Nail this one thing and you may see some amazing results. . .
I want to share something that came up for a participant in my group coaching program recently. As members shared the places they still struggle with overeating, it started to become clear that each person, who had a very different struggle, was actually talking about the same thing.
Overeating, emotional eating, and stress crop up in the spaces between things.
In the car on the way to the next thing.
At the office when one meeting is over and it’s time to dive into a project.
After dinner and before bed.
Looking at your to-do list and not feeling clear about where to start.
When you come home from work.
When you finish something big.
Transitions are a place of disruption between one pattern or flow (like being at work) and another (arriving home and stepping into a new role).
If you don’t manage transitions, you put yourself at a disadvantage.
While productivity experts know very clearly the importance of paying attention to transitions, busy high-performers can be terrible about this. In fact, it’s a major trouble spot that is usually ignored and it’s a major cause of getting caught in vicious cycles with overwhelm, overload, and overeating.
Transitions are a place where many smart, busy women grab something to eat—mindlessly out of habit, as a way of procrastinating “the next thing,” getting an energy boost, or even rewarding yourself while simultaneously forging ahead. When you’re in transition you are not “in the flow” or in a groove and that discomfort can be another cue to reach for something to eat.
But wait – there’s more. Busy people are not very good at paying attention to transitions – and by this I mean pausing long enough to check in with yourself and do what you need to do to switch gears successfully for the next activity. There’s a tendency to rush on to the next thing without even pausing to catch your breath—or worse, overlap activities so there is no transition at all.
That’s what happens when you’re always running behind or multitasking, or using the nonexistent “time in between things” to text or check your email or make a quick phone call.
It may feel necessary or productive in the moment, but not creating pauses and transitions in your day is a recipe for disaster.
So what’s a busy woman to do?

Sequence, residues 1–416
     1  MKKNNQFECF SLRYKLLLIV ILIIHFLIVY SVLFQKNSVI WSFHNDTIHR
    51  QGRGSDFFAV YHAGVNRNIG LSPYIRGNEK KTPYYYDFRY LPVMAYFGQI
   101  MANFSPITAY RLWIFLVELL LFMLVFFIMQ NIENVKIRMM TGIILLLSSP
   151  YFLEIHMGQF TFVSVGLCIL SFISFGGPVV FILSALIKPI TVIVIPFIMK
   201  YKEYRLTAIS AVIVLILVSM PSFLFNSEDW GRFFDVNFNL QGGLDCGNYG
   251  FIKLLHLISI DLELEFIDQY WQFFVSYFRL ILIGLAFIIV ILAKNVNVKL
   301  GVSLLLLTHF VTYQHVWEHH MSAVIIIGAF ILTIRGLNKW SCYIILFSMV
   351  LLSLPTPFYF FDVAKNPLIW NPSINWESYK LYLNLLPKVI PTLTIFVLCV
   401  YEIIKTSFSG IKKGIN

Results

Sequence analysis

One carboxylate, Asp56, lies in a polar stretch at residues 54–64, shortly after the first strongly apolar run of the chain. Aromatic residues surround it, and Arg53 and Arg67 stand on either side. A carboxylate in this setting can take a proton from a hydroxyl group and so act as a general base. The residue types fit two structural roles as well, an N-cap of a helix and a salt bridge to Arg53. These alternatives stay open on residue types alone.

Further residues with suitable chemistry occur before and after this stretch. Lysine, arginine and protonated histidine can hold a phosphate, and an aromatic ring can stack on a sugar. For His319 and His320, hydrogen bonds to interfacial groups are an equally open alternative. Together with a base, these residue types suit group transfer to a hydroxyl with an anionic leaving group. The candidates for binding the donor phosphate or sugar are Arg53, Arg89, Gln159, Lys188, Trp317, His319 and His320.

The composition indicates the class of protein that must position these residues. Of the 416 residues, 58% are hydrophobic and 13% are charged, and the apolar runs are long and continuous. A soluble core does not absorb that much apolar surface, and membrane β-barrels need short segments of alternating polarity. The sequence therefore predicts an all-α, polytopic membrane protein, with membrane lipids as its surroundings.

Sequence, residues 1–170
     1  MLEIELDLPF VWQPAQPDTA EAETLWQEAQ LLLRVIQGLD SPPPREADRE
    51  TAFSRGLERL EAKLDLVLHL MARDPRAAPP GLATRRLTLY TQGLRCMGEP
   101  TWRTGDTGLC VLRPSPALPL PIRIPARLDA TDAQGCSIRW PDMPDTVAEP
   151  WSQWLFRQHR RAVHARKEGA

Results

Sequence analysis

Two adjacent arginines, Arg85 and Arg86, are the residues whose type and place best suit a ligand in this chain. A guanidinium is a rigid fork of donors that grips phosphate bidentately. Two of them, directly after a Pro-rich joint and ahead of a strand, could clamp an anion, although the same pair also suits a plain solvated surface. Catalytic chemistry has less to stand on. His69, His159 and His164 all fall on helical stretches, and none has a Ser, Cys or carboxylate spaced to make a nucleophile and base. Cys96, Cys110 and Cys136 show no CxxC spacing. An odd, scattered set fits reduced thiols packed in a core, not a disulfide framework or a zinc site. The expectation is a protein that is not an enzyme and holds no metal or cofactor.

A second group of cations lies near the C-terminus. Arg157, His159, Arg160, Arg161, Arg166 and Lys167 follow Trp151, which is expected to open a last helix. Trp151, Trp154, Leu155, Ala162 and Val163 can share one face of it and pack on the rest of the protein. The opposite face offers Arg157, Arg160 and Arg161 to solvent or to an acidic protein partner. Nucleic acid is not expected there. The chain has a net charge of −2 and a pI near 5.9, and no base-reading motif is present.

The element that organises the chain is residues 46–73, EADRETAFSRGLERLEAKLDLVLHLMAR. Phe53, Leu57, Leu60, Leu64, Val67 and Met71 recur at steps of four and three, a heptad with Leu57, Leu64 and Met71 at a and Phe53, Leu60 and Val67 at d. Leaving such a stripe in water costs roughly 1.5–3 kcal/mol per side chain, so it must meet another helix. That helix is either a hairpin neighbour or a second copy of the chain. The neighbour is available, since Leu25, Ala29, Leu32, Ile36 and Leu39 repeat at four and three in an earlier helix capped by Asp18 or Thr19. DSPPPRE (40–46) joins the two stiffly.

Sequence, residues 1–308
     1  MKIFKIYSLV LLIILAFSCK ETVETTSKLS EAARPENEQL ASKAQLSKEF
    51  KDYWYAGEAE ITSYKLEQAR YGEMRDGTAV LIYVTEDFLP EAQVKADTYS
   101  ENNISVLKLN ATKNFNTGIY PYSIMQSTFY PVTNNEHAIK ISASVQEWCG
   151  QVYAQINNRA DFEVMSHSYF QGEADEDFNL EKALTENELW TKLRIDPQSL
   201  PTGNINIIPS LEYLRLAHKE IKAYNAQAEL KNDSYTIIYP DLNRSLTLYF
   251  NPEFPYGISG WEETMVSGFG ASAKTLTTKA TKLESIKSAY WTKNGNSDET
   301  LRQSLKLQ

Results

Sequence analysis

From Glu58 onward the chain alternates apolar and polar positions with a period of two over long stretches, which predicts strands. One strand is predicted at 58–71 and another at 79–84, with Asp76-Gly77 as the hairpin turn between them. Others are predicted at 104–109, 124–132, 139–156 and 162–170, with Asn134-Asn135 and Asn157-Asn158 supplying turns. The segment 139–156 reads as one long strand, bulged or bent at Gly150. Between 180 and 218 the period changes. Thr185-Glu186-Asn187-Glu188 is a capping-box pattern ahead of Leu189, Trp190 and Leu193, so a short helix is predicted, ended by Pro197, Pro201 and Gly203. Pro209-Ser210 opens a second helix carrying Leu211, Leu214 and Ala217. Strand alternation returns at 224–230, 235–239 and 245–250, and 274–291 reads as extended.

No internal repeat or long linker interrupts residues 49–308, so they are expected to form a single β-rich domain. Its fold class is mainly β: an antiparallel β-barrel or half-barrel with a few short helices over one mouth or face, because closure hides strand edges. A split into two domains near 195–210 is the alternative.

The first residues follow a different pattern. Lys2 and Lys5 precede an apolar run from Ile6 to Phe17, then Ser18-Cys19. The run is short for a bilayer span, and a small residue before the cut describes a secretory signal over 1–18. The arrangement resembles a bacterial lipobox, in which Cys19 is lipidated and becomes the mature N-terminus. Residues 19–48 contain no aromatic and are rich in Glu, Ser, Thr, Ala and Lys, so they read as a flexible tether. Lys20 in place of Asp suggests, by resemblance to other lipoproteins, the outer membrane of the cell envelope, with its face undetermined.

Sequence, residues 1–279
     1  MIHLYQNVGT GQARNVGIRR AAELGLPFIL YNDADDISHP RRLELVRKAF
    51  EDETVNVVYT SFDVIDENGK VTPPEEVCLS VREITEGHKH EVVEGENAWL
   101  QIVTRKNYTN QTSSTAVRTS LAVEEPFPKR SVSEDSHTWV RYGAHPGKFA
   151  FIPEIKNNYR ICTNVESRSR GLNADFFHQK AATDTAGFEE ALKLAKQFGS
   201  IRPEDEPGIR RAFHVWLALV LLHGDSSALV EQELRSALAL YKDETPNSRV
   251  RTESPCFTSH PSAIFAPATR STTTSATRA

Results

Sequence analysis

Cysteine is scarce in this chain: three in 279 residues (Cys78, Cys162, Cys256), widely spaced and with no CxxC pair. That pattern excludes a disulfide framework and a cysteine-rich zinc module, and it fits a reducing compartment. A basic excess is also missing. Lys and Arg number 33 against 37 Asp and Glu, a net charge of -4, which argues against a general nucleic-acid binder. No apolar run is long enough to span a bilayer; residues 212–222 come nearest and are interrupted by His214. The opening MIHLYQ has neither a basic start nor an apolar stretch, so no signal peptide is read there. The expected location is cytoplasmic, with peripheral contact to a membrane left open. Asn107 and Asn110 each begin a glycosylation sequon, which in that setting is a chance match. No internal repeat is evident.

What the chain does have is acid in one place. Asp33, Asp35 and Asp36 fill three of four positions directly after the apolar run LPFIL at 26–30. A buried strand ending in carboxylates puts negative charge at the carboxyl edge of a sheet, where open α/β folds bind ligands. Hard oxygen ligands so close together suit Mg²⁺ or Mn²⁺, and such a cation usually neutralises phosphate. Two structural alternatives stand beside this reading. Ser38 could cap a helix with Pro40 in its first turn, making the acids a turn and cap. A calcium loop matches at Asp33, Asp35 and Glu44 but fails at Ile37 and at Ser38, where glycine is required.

Here’s an easy recipe for handling transitions without overeating:
For best results, resist the urge to overcomplicate this.
- Start noticing the transition points in your day and in your life. Chances are pretty good that these are also some of your most challenging points of the day.
- Once you’ve identified your transition points, create small ways to pause and center or check in with yourself before you move on to the next thing. The easiest way to start is to create teeny tiny rituals or habits that you do when you are transitioning. By small I mean small.
Get up and stretch
Go fill your water glass
Take ten deep breaths
Walk around the office or your house
Change your clothes or wash your face (when you get home from work)
Brew a cup of tea
Take a ten-minute break (decadent, I know!)
A client shared a lovely new ritual of stopping to light a candle when she gets home as a way to mark her transition.
Another client transitions into meals by stopping and blessing her food.
- As you pay more attention to your transitions, notice the role that eating plays during these times. Start tuning in to what hidden hungers you’re using the food to feed. You may amaze yourself with what you discover.
Pause, center, and move forward. It’s that simple
There’s one more thing. If your life is so over-booked that it feels like you barely have transitions, you’re probably guilty of major overlapping. Try giving yourself the grace of padding your schedule with five extra minutes between things (we’re starting small here).
Clients who have been stuck in this pattern often have to overcome the discomfort of “having extra time” or the temptation to “use it to squeeze in one more thing.” When they do, they usually notice pretty quickly how much better it feels to have that transition time – and how they feel more in control with eating, and with their life.